Welcome back to the bar. We got the furnace and leaky roof fixed just in time, apparently.
Today, I want to discuss a person whose name triggers some of the best arguments in Connolly's Bar history: Mike Mussina.
Every time we bring up the former Orioles right-hander — who left for greener pastures and pinstripes — people leap onto their soapboxes. It occasionally gets a little ugly, which I kind of welcome.
Today, though, I want to put a little different twist on the Mussina argument. In the past, I’ve asked whether he should be inducted into the National Baseball Hall of Fame. And I’ve also asked you whether, if elected, you think he should go in as an Oriole or a New York Yankee.
My two cents: Yes, Mussina, who on Tuesday made the Hall of Fame ballot for the first time, will make it to Cooperstown. My guess is that it will take him a couple years, partly because the current ballot is jammed with deserving candidates and writers get to choose only 10 per ballot.
The steroid-suspected players have created a logjam on the ballot, so Mussina, like Curt Schilling and Jeff Bagwell, may have to wait his turn before he eventually gets in.
But I’m pretty confident, after talking to a bunch of other writers, that Mussina will get in at some point during his eligibility, which is 15 years on the writers’ ballot.
Pitching in a slugger-swelled era, Mussina posted a 270-153 record, a career 3.68 ERA in 3,562 2/3 innings over an 18-season career. He posted an ERA of 3.51 or better in 11 of those seasons — all in the American League East. He won 15 or more games 11 different times (but only 20 once, in 2008, his final year), was a five-time All Star and seven-time Gold Glove Award winner.
He finished in the top five of Cy Young Award voting six times, but never won. He was on two World Series teams, but never won a championship (much to the glee of many Orioles fans, who won’t forgive him for leaving Baltimore for New York).
So, yeah, my sense is that he will get into the Hall of Fame eventually.
The argument then, which we have done in here before, is what hat will be used as part of his Hall of Fame plaque?
The player has input — and the guess is that Mussina would say Yankees, though he typically doesn’t publicly address the issue — but the Hall, ultimately, gets to decide.
Mussina was 147-81 with a 3.53 ERA in parts of 10 seasons with the Orioles, the club that drafted him. He was 123-72 with a 3.88 ERA in eight years with the Yankees, for whom he left Baltimore after the 2000 season. His Wins Above Replacement was 5.0 or higher six times as an Oriole and four times as a Yankee.
His numbers are slightly better in Baltimore. But he did pitch in eight postseasons for the Yankees and just two postseasons (and no World Series) for the Orioles. So the case can be made that his most meaningful pitching was in New York.
So the matter of which team he would represent in the Hall of Fame intrigues me. What I didn’t realize until fielding Twitter responses on Tuesday, though, is that a chunk of Orioles fans don’t want him to go in as an Oriole. Period.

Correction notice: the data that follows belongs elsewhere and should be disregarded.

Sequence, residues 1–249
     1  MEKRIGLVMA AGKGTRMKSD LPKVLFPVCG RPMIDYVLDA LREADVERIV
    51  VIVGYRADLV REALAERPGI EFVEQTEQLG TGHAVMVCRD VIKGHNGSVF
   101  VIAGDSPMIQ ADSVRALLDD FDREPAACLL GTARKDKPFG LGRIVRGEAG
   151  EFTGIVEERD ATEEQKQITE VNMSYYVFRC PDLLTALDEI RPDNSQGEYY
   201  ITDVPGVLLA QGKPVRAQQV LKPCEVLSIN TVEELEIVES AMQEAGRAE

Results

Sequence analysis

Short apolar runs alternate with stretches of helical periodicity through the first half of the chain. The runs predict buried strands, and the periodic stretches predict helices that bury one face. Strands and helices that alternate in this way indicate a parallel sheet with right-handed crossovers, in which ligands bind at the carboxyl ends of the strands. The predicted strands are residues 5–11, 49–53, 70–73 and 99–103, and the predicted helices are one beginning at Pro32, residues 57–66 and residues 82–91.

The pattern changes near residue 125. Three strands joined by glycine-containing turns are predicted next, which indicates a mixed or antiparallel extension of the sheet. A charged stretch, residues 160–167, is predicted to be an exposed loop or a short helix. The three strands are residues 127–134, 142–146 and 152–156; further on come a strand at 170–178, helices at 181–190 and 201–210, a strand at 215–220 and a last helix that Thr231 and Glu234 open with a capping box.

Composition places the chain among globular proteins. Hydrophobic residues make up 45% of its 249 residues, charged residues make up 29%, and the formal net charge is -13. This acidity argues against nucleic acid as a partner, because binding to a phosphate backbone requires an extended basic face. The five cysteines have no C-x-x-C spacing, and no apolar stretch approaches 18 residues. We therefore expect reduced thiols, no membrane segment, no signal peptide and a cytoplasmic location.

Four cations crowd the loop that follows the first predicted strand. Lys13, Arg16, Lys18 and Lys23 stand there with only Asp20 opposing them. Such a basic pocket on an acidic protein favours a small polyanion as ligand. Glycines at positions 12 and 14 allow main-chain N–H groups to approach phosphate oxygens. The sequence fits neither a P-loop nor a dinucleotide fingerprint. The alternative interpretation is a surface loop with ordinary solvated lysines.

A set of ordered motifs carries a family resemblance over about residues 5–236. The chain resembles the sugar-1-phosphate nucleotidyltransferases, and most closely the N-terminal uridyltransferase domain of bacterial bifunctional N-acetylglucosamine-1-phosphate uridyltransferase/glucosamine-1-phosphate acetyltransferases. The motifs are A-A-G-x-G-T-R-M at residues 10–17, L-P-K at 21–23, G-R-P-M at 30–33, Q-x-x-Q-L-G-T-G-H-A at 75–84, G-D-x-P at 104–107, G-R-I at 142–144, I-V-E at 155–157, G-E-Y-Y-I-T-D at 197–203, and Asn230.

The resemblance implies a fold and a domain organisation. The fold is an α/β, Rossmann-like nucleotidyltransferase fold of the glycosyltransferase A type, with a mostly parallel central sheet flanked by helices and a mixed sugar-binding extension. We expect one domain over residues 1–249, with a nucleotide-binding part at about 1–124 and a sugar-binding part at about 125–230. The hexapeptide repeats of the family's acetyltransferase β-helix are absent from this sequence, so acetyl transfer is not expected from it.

They still view Mussina as a traitor, and don’t want his legacy to be intertwined with the Orioles’ six Hall of Fame representatives: Brooks and Frank Robinson, Earl Weaver, Jim Palmer, Eddie Murray and Cal Ripken Jr.
Those six men have their Orioles numbers retired, and were honored with statues at Camden Yards last year. One of the questions I received on Twitter was whether Mussina would get a statue if he went into the Hall of Fame as an Oriole.
There’s no official club statement or official policy on the numbers and statues. My best sense is that the club would look at any future statues (or potential number retirements) on a case-by-case basis. Just because a player is in the Hall of Fame as an Oriole doesn’t mean the club has to erect a statue for him. Conversely, they could retire a number or erect a statue of a player not in the Hall of Fame. It’s just that, right now, those honors have been afforded only to the Orioles’ Hall of Famers.
There are three important members of the Orioles family whose numbers have not been used recently: Cal Ripken Sr.’s No. 7, Elrod Hendricks’ No. 44 and Mike Flanagan’s No. 46 (after Jeremy Guthrie left before the 2012 season). None is retired; the numbers just have not been given out.
In contrast, Mussina’s No. 35 was given to Josh Towers in 2001, months after Mussina left for New York. It has since been worn by Daniel Cabrera, Rick Helling, Greg Aquino, Brad Bergesen and, currently, Danny Valencia, among others.
So it’s not a slam dunk that Mussina would get a statue at Camden Yards if he went in to Cooperstown as an Oriole (though I think that’s more likely than having his number retired, since the process of retiring the other numbers happened before the specific player was inducted into the Hall of Fame).
But what I really want to know is whether you, Mr. or Mrs. Orioles fan, want Mussina to go into the Hall as an Oriole. Not whether he belongs in the Hall, or whether he should go in as a Yankee or an Oriole.
I want to know whether you WANT him to be immortalized in Cooperstown as an Oriole.
Daily Think Special: Do you want Mike Mussina to be the seventh modern-day Oriole in the Hall of Fame?Copyright © 2014, The Baltimore Sun